Carl Crawford and Carlos Pena Are Destined to Leave the Rays

Josh LevittSenior Analyst IJanuary 25, 2010

ANAHEIM, CA - AUGUST 12:  Carl Crawford #13 of the Tampa Bay Rays bats against the Los Angeles Angels of Anaheim on August 12, 2009 at Angel Stadium in Anaheim, California.  The Angels won 10-5.  (Photo by Stephen Dunn/Getty Images)
Stephen Dunn/Getty Images

Nothing shocking here:

"5. Carl Crawford, LF, Rays - The feeling is that if the Rays’ financial picture gets any gloomier, Crawford will be trade bait by the trading deadline or even earlier. In fact, both he and Carlos Pena could have new addresses at some point in the season."

Both Crawford and Pena will be free agents at the end of the season and there is little chance that the Rays will be able to keep one of them, let alone both.

Pena and Crawford combined will earn just over $20 million this season, which will be about 30 percent of the Rays payroll. For a small market team like the Rays, it's tough to justify committing such a high percentage of your resources to just two players, even if both players are peak performers.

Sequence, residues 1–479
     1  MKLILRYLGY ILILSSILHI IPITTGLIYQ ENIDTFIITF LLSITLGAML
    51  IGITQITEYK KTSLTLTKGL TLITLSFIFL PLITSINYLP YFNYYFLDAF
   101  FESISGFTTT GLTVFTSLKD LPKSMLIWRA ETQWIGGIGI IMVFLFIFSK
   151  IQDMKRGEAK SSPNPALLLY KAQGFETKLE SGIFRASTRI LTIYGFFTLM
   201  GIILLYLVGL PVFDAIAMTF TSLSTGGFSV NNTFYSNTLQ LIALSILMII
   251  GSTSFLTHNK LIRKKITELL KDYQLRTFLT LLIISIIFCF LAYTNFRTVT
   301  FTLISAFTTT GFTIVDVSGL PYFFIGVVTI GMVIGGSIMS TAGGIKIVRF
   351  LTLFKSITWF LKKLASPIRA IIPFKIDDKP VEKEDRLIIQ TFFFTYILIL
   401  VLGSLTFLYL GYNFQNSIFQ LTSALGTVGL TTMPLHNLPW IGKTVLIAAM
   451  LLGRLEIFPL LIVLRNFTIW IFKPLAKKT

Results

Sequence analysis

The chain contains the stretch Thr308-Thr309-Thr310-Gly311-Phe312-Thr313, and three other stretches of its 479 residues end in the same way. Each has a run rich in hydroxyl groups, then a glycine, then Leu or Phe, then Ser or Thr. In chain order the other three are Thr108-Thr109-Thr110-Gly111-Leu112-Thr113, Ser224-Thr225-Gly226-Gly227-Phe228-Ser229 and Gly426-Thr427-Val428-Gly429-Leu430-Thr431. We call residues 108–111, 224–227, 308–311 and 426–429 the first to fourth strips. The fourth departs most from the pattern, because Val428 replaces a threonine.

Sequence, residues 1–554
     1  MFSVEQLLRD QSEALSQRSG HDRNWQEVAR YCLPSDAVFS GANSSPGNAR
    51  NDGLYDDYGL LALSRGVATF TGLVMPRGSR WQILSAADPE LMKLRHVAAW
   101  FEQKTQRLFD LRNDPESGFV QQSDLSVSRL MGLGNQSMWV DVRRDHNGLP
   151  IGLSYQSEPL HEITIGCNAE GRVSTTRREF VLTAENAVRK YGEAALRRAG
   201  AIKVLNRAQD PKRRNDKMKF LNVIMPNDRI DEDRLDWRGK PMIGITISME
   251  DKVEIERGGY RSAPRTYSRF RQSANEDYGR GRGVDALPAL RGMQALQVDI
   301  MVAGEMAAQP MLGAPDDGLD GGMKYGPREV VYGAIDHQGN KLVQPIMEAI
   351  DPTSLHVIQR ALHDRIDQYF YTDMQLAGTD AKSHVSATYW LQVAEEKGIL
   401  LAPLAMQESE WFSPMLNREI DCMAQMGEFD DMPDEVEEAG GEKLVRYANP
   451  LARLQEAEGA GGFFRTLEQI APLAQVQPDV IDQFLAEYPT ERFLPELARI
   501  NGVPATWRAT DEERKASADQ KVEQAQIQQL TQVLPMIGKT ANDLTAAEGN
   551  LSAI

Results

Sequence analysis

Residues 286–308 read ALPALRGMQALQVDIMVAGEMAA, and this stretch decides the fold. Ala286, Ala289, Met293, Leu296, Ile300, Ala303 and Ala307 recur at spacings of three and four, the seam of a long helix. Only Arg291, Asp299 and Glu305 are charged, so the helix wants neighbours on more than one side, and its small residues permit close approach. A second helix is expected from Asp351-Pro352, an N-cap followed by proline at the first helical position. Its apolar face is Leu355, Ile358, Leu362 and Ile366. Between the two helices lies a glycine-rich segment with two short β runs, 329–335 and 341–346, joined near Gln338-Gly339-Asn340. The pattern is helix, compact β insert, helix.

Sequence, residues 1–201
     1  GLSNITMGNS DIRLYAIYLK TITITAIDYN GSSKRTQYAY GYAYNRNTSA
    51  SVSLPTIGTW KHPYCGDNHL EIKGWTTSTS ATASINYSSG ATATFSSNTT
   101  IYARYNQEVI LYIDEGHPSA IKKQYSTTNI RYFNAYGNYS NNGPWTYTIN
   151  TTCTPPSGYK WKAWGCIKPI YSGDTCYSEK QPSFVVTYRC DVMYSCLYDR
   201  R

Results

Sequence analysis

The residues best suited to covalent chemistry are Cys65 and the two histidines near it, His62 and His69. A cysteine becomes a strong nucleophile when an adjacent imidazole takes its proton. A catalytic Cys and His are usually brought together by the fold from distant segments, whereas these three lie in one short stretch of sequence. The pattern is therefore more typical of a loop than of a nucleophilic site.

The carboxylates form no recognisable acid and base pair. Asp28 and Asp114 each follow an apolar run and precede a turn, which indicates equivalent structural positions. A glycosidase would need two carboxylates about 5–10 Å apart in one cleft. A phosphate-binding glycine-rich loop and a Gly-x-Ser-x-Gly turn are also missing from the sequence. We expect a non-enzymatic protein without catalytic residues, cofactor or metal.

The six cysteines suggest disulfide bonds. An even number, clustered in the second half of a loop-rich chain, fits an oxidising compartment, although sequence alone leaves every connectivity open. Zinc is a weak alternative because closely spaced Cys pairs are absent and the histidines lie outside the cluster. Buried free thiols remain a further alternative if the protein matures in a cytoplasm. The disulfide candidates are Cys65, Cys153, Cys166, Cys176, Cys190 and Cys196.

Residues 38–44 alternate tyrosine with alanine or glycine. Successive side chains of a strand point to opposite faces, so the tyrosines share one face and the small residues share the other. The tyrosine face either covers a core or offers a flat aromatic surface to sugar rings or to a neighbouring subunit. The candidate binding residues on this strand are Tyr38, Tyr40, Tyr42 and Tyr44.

The reality for the Rays is that if Crawford and Pena produce this season, then each of them should be in line for a nice raise next season. Even though the Rays have plenty of money coming off the books after 2010 ($36 million from Pena, Crawford, Rafael Soriano, and Pat Burrell), there is very little chance that they will be able to compete on the open market with the big market clubs for either player.

Even though Pena and Crawford are near locks to leave after the season, I still think the Rays are in a good position right now. If the team competes in 2010, then the Rays can hold Pena and Crawford, play the season out, hope for the best, collect draft picks when they leave, and then re-distribute their resources.

If the team struggles, then Crawford and Pena become prime trade bait if the return for either player is high enough.